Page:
What is the pathophysiology of glaucoma?

Updated: Jul 27, 2020
  • Author: Robert H Graham, MD; Chief Editor: Hampton Roy, Sr, MD  more...
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The mechanisms that cause glaucoma are not fully understood. In most clinical cases, a painless elevation of IOP occurs, which can lead to progressive optic nerve damage and visual field loss. [4] The mechanical theory of resistance to outflow (at the juxtacanicular meshwork) is one postulated mechanism for glaucoma. Disturbances of trabecular meshwork (TM) collagen, TM endothelial cell dysfunction, basement membrane thickening, glycosaminoglycan deposits, narrowing intertrabecular spaces, and/or collapse of the Schlemm canal may occur. Experimental and clinical studies show that sustained elevation of IOP can cause optic nerve damage similar to primary open-angle glaucoma (POAG), thus providing support for the role of IOP.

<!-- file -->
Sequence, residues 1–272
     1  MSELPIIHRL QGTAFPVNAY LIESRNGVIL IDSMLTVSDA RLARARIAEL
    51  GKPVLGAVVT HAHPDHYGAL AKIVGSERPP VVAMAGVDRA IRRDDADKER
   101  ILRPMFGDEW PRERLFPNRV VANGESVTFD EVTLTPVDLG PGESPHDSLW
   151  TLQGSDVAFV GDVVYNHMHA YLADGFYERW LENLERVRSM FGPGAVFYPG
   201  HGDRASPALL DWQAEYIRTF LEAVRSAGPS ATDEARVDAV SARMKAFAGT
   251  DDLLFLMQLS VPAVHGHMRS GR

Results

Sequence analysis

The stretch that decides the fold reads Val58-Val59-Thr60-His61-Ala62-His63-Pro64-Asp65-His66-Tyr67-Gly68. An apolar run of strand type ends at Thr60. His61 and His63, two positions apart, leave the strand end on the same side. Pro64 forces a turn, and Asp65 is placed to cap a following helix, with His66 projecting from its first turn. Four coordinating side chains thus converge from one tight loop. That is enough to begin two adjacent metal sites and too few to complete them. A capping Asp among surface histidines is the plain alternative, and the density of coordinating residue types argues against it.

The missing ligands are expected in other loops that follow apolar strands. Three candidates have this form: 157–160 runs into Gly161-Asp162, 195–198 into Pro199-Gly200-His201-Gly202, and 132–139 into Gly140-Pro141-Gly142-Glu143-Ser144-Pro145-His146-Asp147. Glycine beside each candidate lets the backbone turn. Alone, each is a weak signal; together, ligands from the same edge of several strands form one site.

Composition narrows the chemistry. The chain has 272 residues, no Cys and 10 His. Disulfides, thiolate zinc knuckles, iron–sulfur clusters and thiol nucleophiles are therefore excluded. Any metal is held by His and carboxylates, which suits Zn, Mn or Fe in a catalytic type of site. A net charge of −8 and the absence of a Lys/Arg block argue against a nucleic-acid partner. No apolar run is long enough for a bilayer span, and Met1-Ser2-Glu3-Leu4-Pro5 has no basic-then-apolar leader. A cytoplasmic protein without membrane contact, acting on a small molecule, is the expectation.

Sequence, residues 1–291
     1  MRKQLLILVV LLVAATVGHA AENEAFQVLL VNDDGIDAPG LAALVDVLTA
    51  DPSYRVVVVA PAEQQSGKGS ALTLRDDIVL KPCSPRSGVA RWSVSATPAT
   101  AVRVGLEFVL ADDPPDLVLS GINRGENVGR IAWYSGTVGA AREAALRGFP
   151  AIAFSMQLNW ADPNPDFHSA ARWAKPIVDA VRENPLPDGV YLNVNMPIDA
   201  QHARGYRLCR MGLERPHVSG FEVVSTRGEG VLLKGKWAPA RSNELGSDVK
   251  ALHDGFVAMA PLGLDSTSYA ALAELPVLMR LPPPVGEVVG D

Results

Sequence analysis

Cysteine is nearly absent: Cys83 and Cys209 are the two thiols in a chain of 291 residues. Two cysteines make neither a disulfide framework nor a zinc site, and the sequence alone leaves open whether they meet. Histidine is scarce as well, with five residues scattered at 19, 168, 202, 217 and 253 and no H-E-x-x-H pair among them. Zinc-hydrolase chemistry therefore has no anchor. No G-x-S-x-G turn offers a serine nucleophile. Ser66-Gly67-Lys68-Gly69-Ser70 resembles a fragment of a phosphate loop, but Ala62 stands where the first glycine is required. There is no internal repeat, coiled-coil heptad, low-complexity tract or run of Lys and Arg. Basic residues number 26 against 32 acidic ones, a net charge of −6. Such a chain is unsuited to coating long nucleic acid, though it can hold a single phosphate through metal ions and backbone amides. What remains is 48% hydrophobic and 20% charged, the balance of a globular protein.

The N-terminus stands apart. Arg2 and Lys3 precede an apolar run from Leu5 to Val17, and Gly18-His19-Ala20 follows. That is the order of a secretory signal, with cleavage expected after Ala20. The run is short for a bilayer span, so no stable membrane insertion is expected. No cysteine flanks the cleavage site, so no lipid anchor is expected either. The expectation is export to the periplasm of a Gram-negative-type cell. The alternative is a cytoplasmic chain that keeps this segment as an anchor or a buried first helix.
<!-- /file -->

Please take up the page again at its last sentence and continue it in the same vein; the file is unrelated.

Vascular risk factors and the role of optic nerve perfusion may be of importance. [5] The blood supply to the optic nerve, the axonal or ganglion cell metabolism, and the lamina cribrosa extracellular matrix may play a role. This is especially important in a subgroup of individuals with low-tension glaucoma who have progressive disease despite IOP of less than 21 mm Hg.

Susceptibility of the optic nerve to damage varies from individual to individual. [6, 7] Along with other risk factors, it also depends on the level of IOP. Certain historical and demographic factors, including age, race, family history, and past ocular history, have been shown to have a high association for the disease. Even sleeping position may play a role; Sedgewick et al have shown that lateral and prone sleeping positions result in a significant IOP elevation in patients with pigment dispersion. [8]

Congenital variations, especially in the appearance of the optic nerve or a onetime vascular insult, may be the underlying etiology for a patient's findings and subsequent diagnosis of glaucoma suspect. The key is whether any progression occurs.

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